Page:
Nigerian music label Mavin looks to investment partners for pan-African vision

  • Oops!
    Something went wrong.
    Please try again later.

The News

Mavin Global, the Nigerian music label behind one of the biggest worldwide hit songs of the last two years, has held talks with strategic and financial partners in recent weeks which have valued the company as high as $150 million, according to a person with knowledge of the discussions. It confirmed an earlier report by Billboard.

The label, founded by veteran Nigerian hitmaker/producer Don Jazzy in 2012, launched the career of Afrobeats star Rema, whose song “Calm Down” has been streamed over 10 billion times on various platforms, including a remix with U.S. star Selena Gomez. Other Mavin artists include Ayra Starr who has had hundreds of millions of streams and is among the Grammy nominees for Best African Music Performance. The new category, introduced this year, is another sign of the worldwide popularity and influence of music from the continent.

The potential strategic partners have included the world’s biggest music company Universal Music Group and HYBE, the Korean entertainment group behind K-Pop act BTS. There has been a wide range of valuations for the Lagos-based label as potential partners try to gauge whether Afrobeats is a passing pop trend or set to diversify into other African subgenres. The majority of Mavin’s revenue comes from streaming but it also has a partnership model with its artists, such as supporting an upcoming Rema collaboration with Nike’s Jordan brand.

Know More

Any new investment would be focused on ramping up a pan-African approach to discover more talent across the continent and take them global, as it has done successfully in Africa’s most populous nation. “This isn’t about a sale of Mavin or simply trying to make a quick profit,” said the person who has been close to the talks. “Don Jazzy wants to build the next generation of global African stars, he sees himself as a steward of the business.”

Mavin, which had a string of Nigerian hits with Tiwa Savage and other artists in the mid-2010s, has taken a more global and streaming-first approach since a 2019 multimillion-dollar investment by Kupanda Capital, a Washington D.C.-based investor.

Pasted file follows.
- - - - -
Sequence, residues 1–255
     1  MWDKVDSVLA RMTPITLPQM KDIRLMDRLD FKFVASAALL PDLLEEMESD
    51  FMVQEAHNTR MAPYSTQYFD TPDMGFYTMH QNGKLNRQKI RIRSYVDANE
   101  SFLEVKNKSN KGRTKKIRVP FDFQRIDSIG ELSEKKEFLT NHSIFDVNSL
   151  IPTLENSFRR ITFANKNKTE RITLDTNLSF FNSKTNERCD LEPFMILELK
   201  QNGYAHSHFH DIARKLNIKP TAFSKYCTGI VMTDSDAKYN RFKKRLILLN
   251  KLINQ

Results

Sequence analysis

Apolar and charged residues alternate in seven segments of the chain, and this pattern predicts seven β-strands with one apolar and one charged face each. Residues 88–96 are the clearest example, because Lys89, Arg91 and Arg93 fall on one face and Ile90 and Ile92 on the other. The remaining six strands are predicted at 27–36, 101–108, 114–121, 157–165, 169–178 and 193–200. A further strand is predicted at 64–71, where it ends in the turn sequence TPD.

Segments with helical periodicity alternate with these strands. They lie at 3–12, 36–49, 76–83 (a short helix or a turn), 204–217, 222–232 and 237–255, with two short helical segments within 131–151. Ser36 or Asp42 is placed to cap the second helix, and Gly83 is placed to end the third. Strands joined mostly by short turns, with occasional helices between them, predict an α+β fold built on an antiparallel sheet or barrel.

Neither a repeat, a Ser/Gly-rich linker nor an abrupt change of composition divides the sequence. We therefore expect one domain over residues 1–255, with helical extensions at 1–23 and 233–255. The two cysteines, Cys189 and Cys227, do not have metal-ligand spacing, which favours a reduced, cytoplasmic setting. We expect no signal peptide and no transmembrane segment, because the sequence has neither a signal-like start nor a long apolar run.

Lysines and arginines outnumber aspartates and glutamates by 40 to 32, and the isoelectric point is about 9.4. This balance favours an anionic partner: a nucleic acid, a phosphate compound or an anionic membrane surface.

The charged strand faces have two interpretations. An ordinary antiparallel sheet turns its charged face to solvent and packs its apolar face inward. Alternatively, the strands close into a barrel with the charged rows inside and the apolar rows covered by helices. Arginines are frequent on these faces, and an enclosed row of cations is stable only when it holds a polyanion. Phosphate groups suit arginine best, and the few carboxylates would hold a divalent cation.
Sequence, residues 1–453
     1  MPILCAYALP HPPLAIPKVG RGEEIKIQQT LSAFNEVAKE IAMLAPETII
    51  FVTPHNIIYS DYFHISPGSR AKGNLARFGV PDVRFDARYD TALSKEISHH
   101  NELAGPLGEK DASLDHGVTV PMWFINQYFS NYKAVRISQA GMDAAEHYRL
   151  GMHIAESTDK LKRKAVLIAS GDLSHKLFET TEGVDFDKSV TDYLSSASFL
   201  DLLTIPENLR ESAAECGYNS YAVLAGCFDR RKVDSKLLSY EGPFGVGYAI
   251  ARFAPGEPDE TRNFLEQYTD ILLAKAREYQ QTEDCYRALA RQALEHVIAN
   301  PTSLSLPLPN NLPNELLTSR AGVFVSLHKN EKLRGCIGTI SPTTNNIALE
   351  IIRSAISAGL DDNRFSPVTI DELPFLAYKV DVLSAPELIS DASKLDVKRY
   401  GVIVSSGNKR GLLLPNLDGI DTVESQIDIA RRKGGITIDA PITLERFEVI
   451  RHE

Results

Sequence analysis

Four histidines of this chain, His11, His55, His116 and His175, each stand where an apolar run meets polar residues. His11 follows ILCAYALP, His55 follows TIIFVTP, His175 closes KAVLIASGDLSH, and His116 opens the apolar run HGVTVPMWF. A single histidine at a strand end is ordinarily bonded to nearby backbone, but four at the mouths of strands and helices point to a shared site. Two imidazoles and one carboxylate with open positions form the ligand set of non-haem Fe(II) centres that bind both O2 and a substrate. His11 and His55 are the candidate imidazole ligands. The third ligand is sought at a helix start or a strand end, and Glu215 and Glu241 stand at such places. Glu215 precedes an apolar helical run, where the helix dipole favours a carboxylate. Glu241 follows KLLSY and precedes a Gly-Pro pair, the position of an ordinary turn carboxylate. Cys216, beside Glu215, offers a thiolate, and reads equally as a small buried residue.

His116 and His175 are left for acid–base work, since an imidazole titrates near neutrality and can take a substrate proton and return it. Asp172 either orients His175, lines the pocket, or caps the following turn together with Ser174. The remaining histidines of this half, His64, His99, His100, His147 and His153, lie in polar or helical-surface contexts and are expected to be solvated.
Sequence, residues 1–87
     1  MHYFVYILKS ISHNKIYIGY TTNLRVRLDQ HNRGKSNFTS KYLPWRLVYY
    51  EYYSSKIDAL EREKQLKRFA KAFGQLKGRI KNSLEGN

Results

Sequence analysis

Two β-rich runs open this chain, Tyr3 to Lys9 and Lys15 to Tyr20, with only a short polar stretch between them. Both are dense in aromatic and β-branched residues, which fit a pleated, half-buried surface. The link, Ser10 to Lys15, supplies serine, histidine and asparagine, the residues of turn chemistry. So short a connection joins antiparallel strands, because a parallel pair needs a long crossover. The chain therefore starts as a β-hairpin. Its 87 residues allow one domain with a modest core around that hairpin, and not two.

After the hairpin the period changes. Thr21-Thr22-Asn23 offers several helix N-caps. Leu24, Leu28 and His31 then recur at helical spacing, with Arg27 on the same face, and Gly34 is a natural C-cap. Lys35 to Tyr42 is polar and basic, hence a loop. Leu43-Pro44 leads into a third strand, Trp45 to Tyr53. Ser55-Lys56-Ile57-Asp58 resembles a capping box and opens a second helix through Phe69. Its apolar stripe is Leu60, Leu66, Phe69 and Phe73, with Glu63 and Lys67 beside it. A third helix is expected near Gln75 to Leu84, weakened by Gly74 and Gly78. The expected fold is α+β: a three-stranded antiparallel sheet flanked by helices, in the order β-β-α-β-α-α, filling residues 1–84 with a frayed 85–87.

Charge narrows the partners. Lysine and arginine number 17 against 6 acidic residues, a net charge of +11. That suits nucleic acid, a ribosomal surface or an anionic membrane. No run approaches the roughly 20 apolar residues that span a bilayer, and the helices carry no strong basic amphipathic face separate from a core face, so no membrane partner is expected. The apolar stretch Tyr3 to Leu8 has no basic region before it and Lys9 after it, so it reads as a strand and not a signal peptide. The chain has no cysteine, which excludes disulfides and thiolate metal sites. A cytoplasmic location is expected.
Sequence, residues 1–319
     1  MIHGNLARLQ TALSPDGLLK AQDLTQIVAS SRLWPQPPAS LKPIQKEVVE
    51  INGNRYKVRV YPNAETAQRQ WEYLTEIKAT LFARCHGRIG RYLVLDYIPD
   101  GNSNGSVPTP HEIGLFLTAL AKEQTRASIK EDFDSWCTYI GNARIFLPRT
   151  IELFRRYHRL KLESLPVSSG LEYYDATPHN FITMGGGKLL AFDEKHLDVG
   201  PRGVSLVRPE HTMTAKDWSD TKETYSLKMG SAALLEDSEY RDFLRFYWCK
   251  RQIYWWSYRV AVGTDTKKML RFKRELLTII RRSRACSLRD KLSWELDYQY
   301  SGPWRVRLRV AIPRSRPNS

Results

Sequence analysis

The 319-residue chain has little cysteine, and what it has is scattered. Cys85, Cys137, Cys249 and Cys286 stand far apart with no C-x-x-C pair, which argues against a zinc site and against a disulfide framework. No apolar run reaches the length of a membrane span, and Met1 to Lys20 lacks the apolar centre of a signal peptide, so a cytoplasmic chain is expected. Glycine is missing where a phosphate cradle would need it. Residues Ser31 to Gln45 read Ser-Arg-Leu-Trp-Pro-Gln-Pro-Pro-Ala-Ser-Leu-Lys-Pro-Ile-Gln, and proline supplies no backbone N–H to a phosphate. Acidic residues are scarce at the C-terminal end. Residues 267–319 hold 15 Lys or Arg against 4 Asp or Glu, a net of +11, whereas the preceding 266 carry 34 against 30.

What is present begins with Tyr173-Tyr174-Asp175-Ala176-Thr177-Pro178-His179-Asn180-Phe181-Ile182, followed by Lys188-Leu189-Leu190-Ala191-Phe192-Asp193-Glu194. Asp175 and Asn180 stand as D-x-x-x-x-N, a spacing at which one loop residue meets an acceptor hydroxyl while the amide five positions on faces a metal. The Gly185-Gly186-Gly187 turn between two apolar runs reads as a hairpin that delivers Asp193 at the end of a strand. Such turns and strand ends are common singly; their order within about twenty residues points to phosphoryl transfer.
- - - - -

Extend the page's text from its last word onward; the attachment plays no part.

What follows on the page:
Mavin has also focused on building out its infrastructure with dozens of staffers across various departments including legal, finance, and data analysis. Kupanda typically takes a longer term investment approach in African companies than Kupanda Holdings, a joint venture with private equity firm TPG Growth’s Rise Fund which is backed by investors including U2’s Bono.

Guido De Bortoli/Getty Images
Guido De Bortoli/Getty Images

Yinka’s view

We’ve written many times about the rise and rise of Afrobeats in global popular culture as fans around the world can’t seem to get enough of the sounds of urban Africa. The songs are topping charts in the biggest music markets in the U.S, U.K. and beyond and even starting to influence the sounds of non-African artists who want some of that flavor.

The move to launch a dedicated African music award at the Grammys next year is a huge marker for just how far this sound has gone. If you’ve been around long enough you might recall that just a few decades ago African music greats like Hugh Masekela and King Sunny Ade used to have to duke it out in an amorphous category called ‘World Music” which could randomly include someone from Australia playing a didgeridoo or someone playing indigenous mating music from Central America. I exaggerate, but only a little.

But remember, the most important part of the music business is the “business”. Despite all the fanfare and accolades, the fact that this kind of negotiation is happening in the first place with a homegrown label is game changing for a sector which some thought might be a short term trend. Like any deal negotiation, the ongoing talks to invest in Mavin may very well not bear fruit if one or both sides can’t agree on terms. I’ve been told the discussions are very tentative.

Irrespective of the outcome, the talks and this level of interest shows that Don Jazzy — a consistent hitmaker and talent spotter for over a decade and half now — has created huge value in the last couple of years by being focused on the big global picture. Investors will be looking under the hood and running the numbers to figure out if it can maintain the magic in the future. If “Don Jazzy is going nowhere,” as my source tells me, and I was an investor or partner, that would be my key datapoint.

The View From South Korea

Hybe, the Korean music company behind BTS and NewJeans, made its first major step into Latin music this week by buying the music division of Spanish-language studio Exile Content. It’s a sign of how the music business is becoming much more global as pop music evolves away from English language dominated songs often produced by American and British acts and songwriters. “In the long term, Hybe aims to graft K-pop’s proven methodology to the Latin genre.” Hybe said in a statement to Bloomberg.